What are Dependencies, Composition, Delegation, and Aggregation in Object-Oriented Programming?
Dependency: The Address object comes from outside, it's allocated somewhere else. This means that the Address and Employee objects exists separately, and only depend on each other.
Composition: Here you see that a new Engine is created inside Car. The Engine object is part of the Car. This means that a Car is composed of an Engine.
Composition is about the relationships between objects.
Delegation is about passing work from one object to another.
These are actually different (but sometimes related) concerns.
What you've got is B composed of A (B refers to A).
Aggregation & composition: An aggregation is an object that represents a concept as a whole and handles managing how its parts are accessed and changed. Composition is related but it adds an additional meaning to aggregation. Composition says that parts of the aggregation can’t exist independently (ie: a wheel can’t exist unless it belongs to a car).
So dependency == aggregation? stackoverflow.com/questions/11881552/… – danihodovic Jan 9, 2014 at 15:04 @dani-h No, aggregation and composition describe how things are build/structured, while dependency is more a property of a certain structure. See @TheLostMind's great answer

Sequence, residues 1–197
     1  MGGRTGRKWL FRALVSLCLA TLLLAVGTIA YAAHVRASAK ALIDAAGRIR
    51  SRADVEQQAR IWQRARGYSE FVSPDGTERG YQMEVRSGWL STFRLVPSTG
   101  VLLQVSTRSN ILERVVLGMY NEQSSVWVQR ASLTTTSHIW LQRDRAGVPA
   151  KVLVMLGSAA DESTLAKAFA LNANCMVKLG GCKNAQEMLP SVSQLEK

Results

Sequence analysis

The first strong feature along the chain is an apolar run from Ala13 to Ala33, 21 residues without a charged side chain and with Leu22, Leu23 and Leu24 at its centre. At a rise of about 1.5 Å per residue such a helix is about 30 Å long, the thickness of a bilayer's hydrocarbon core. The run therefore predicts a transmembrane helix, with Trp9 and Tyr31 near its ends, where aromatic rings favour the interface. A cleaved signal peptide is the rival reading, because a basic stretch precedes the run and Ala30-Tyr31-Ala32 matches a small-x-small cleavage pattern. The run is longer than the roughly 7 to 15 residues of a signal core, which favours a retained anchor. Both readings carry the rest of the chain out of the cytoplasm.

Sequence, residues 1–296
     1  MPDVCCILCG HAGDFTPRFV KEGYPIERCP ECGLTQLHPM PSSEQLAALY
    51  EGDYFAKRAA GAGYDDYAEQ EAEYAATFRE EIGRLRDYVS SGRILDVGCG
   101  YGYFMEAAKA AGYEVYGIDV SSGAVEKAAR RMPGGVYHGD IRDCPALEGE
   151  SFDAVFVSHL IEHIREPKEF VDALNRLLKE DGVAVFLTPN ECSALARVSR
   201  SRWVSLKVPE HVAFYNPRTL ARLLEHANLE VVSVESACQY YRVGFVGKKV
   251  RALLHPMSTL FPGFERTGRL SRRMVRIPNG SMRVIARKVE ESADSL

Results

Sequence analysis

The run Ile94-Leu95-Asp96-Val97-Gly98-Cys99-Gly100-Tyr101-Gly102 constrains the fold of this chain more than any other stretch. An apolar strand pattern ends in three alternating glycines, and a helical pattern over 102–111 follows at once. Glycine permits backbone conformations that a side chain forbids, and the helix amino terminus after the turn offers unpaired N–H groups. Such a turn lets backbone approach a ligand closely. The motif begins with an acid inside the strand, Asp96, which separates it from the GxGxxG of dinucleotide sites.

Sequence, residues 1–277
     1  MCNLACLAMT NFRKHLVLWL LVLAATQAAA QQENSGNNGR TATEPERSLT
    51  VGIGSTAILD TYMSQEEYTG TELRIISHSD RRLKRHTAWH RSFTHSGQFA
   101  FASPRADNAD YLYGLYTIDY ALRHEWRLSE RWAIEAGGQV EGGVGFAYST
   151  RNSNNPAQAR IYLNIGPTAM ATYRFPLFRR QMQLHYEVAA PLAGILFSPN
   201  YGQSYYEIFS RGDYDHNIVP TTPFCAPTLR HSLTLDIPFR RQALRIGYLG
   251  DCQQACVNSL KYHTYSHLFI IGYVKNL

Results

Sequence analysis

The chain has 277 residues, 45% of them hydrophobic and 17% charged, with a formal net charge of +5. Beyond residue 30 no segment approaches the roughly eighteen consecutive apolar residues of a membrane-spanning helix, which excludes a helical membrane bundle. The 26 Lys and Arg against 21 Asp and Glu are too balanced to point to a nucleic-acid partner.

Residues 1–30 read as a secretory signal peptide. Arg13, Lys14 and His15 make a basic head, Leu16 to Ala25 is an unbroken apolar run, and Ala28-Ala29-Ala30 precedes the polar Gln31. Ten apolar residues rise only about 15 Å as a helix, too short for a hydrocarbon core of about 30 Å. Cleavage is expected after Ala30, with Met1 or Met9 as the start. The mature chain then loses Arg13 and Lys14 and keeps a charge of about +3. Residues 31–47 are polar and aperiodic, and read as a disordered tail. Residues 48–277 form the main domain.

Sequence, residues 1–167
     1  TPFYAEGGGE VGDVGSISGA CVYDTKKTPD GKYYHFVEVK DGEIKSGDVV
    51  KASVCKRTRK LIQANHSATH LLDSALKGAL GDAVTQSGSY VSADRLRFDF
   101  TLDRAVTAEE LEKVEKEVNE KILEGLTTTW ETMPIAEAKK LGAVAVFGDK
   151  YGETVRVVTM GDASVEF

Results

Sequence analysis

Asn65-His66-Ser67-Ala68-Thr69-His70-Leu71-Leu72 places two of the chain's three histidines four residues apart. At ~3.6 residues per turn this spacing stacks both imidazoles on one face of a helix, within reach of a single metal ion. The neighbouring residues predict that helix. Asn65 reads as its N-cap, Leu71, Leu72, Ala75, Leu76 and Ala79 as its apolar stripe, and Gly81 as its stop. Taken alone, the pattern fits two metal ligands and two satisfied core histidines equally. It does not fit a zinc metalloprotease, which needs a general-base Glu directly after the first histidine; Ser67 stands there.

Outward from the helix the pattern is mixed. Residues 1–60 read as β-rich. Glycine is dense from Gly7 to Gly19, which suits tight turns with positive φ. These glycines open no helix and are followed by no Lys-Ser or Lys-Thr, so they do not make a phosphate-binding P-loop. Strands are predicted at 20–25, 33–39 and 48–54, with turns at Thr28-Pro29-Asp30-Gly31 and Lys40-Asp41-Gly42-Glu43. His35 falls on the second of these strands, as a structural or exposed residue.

Liked this? Sing it loud and proud 👨🎤.
Stay in touch!
Enjoying so far? Join 15000+ Software Essentialists getting my posts delivered straight to your inbox each week. I won't spam ya. 🖖
View more in Object-Oriented Programming
You may also enjoy...
A few more related articles
Software Design and Architecture is pretty much its own field of study within the realm of computing, like DevOps or UX Design. Here's a map describing the breadth of software design and architecture, from clean code to microkernels.
Learn how to use DDD and object-oriented programming concepts to model complex Node.js backends.
Want to be notified when new content comes out?
Join 15000+ other Software Essentialists learning how to master The Essentials of software design and architecture.